As a scientist and Christian, I have come to the conclusion that the Bible serves as an essential foundation for understanding science, in the past and present. While I would expect atheists to object to this concept, I find that even many Christians object. Why is that? Why do Christians believe the Bible doesn’t serve as a foundation for biology, geology, and astronomy?
In our recently published book, Already Gone, the research shows that many “20 somethings” have left the church because they question the truthfulness of the Bible, especially as it concerns the age of the earth. As children, they were typically taught Bible “stories” in church. They were shown bathtub-shaped arks overflowing with colorful animals but no mention of fossils, rock layers, and animal kinds. Curriculum publishers, Sunday school teachers, and parents failed to connect the Bible to the real world. So, these children learned that you go to school to learn about history and science, and you go to church to learn moral “stories” and spiritual truths.
Jesus Christ says in John 3:12, “If I have told you earthly things and you do not believe, how will you believe if I tell you heavenly things?” The earthly things can be categorized into areas such as biology, geology, and astronomy—and their foundation is in the book of Genesis. Biology and astronomy started in Genesis chapter 1 with the creation of plants on Day 3 and the sun, moon, and stars on Day 4; animals and man were then created. Also, geology must be understood in light of the account of the worldwide Flood cataclysm of Genesis 7.
Jesus’s words in John 3 help us understand that the Bible is the foundation for our understanding of the real world, and it can be trusted and is the ultimate authority no matter what it speaks on (from biology to salvation)! Sadly, many children are being taught in schools and some churches not to trust God’s Word in Genesis. This leads them to question the truthfulness of all of Scripture, and as young adults, most decide Christianity is irrelevant—and they leave the church.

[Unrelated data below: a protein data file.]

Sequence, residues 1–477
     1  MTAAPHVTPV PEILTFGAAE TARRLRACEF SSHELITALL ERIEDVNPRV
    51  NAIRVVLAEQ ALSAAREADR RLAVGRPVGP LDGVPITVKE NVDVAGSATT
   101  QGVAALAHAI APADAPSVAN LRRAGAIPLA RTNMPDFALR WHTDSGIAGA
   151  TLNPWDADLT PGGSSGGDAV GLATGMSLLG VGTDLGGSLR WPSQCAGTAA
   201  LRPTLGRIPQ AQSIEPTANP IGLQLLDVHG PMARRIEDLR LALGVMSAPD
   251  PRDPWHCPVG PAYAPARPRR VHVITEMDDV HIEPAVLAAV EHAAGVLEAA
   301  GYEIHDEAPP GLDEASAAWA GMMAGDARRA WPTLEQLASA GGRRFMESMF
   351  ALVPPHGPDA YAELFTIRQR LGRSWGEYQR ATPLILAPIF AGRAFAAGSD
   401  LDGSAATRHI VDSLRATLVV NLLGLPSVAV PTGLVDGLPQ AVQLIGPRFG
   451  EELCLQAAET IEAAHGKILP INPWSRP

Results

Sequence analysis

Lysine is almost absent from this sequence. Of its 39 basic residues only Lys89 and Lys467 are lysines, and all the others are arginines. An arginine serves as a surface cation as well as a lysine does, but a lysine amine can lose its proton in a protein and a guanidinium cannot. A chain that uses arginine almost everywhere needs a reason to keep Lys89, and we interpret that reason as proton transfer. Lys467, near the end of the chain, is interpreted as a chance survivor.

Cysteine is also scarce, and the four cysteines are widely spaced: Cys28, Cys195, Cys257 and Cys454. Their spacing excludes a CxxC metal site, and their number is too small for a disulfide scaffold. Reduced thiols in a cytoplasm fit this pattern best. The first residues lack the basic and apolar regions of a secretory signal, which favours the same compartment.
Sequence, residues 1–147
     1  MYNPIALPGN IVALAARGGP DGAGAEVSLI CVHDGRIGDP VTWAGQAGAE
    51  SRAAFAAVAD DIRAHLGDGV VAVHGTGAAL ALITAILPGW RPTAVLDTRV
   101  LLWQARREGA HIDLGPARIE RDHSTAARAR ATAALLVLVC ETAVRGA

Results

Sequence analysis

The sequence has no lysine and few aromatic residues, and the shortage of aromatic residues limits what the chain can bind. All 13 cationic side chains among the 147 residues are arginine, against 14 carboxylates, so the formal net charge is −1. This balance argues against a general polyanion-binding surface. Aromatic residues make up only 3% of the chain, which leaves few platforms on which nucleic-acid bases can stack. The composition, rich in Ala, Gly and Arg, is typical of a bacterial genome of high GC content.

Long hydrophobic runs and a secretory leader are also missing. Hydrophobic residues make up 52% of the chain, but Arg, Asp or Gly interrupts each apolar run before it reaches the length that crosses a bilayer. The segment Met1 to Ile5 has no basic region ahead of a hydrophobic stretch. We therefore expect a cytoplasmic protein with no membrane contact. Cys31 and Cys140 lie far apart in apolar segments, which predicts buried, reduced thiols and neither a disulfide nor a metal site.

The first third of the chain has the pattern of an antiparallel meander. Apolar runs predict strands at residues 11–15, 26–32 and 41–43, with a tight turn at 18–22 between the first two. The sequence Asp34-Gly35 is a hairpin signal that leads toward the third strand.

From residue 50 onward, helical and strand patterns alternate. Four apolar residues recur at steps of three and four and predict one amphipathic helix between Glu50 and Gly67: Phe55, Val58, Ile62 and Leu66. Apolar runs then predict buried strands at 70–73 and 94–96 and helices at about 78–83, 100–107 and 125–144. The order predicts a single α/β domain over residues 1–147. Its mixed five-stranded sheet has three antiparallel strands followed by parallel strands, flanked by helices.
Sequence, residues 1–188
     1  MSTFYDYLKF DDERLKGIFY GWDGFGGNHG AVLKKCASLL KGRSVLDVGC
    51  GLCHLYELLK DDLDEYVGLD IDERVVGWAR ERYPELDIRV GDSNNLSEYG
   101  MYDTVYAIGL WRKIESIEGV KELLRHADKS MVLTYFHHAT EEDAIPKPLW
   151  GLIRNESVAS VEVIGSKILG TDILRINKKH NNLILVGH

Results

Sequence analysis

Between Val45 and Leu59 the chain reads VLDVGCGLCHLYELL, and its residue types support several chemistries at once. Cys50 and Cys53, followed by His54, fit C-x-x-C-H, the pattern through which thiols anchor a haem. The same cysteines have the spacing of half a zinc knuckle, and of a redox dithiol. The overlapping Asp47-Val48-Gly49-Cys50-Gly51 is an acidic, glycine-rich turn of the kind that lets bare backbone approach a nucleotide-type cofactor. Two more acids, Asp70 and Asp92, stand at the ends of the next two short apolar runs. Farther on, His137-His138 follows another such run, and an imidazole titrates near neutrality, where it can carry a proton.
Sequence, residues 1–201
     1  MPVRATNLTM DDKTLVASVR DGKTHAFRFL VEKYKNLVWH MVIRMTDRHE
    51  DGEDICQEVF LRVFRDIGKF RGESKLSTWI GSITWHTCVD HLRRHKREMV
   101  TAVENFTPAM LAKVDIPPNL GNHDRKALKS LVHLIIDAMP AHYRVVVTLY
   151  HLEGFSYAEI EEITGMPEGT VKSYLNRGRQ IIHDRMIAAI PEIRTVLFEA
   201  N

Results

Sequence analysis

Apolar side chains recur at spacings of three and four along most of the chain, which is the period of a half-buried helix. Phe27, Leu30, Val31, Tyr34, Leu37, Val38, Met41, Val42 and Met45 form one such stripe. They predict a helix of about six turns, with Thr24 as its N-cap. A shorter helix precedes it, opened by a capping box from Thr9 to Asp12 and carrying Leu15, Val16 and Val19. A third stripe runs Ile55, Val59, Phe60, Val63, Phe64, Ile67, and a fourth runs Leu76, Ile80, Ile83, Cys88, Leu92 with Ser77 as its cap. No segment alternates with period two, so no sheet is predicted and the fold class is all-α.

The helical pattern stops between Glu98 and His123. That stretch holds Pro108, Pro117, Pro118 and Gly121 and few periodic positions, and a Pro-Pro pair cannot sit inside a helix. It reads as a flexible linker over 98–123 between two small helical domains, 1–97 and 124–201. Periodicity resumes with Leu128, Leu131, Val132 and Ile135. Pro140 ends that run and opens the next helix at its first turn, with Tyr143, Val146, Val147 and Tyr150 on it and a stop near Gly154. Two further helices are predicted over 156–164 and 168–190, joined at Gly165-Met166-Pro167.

What are We Going to Do About It?
We need to be equipped to teach young people (and adults) to see and draw connections between the Bible and the world around us. This means educating ourselves in the basics of biology, geology, and astronomy—as founded in Scripture. This does not have to be a daunting task. We can be sure that our efforts will be well rewarded and blessed by the Lord (Proverbs 22:6).
Learning to answer your child’s and other people’s questions about science may be easier than you think. For example, I am often asked about the similarities between human and chimp DNA. The similarities are often used in many science textbooks and class lectures to support the idea of common ancestry. But a logical fallacy (something called “affirming the consequent”) is often committed with these types of arguments. (Don’t let those words put you off; follow me here.) The argument is typically stated this way:
- If humans and chimps share a common ancestor, then we should observe similar DNA.
- Similar DNA is observed between humans and chimps.
- Therefore, humans and chimps share a common ancestor.
But the DNA could be similar for reasons other than a common ancestor. So, the conclusion does not necessarily follow from the observations. Thinking correctly—and being able to spot when other people are not thinking correctly—will enable you to answer many questions related to science. Answers in Genesis has published numerous resources that answer all kinds of questions, from chimp DNA to the geologic column to the big bang—and at a level anyone can understand.
Paul exhorts us in 2nd Corinthians 10:5 to “demolish arguments” and “take captive every thought to make it obedient to Christ.” Get equipped and be prepared to give answers (1st Peter 3:15) that connect the Bible to science and the world around us, so that the next generation will defend God’s Word as the ultimate authority.
This article first appeared in Theology for Life Fall Issue. To download the rest of the issue click here.